At this point, you have basically two choices. You can continue to be frustrated that you can’t complete the task, or you can learn how to do it and start developing your skills. As those skills develop, you move from the left to the right on the chart. This puts you back into the good “zone”, but at an even higher and more enjoyable level. (as illustrated by point C on the chart) This point, where you can rise to the higher challenges with your higher skills, is by far the most rewarding place to be.

After years of this continual process, you eventually get to a point where you can generally do whatever the client might ask for. If you are working on the same types of products over and over again (as is common in corporate video) your projects can become tedious and boring. You might find yourself continually turning to the same formulaic solutions to solve your creative challenges. In effect, you are too good for your own good. Your skills surpass your challenges. This is represented by point D (for “Dull”) on the chart.

You then have new paths in front of you. You can let apathy and boredom set in, or you can search out new challenges that will move you back up into the “zone” where you are fulfilled. (Of course, you can also quit entirely, but for the sake of discussion let’s assume that you don’t want to change careers today.) These new challenges that you search out can be things such as gaining a deeper understanding of the equipment and processes that you already work with (i.e. advanced editing techniques) or learning about entirely new equipment that could still be relevant to your field. For example, if you are primarily a graphic artist, you could learn more about audio production.

Some people have a “side project” that they work on, just so they can try new things and have fun without the pressure of client demands. This allows them to stretch their skills in an environment that doesn’t promote anxiousness (moving them to a higher level along the “zone” line.) While some of us don’t have the means to keep side projects going at work, (company regulations etc.) we all have other equally viable options.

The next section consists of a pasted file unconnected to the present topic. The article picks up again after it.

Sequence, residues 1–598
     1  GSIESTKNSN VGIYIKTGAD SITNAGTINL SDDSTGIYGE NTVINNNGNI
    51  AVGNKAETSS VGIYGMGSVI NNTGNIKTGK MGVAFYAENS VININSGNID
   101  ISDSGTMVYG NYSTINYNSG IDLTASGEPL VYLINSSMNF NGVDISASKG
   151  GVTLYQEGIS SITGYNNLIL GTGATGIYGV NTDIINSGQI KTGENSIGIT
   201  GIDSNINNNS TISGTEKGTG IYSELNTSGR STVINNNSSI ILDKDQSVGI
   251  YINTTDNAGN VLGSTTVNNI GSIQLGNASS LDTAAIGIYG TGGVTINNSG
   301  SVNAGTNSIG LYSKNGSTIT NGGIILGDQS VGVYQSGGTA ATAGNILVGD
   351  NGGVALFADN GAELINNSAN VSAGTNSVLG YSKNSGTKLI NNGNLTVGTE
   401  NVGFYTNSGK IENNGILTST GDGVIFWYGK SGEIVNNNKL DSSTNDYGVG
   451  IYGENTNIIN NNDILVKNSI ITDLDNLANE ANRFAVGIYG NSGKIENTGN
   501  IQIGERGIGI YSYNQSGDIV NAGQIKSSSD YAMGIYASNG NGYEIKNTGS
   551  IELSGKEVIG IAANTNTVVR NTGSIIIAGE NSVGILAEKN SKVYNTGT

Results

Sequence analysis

The best part for those who are already sick of video production is that almost any new experience can help you become a better storyteller, even if it that activity seems to be unrelated on the surface. What really matters is how much of yourself you put into the new activity. By focusing on those new experiences, you’re sharpening skills that will help your career, while leaving behind the anxiety or boredom that gets you down at work. Take an honest look at your projects from the past few years and be honest about how much you’ve grown as an artist. When was the last time that you really learned something new?

As creative professionals, we are in a very unique position. We differentiate ourselves from each other by our ideas. The great part about this is that each of us has a lifetime of experience that shapes those ideas. To cultivate your creativity is sometimes simply a matter of learning and experiencing new and different things. Again, these “new things” don’t have to be industry specific at all to be relevant regarding your career.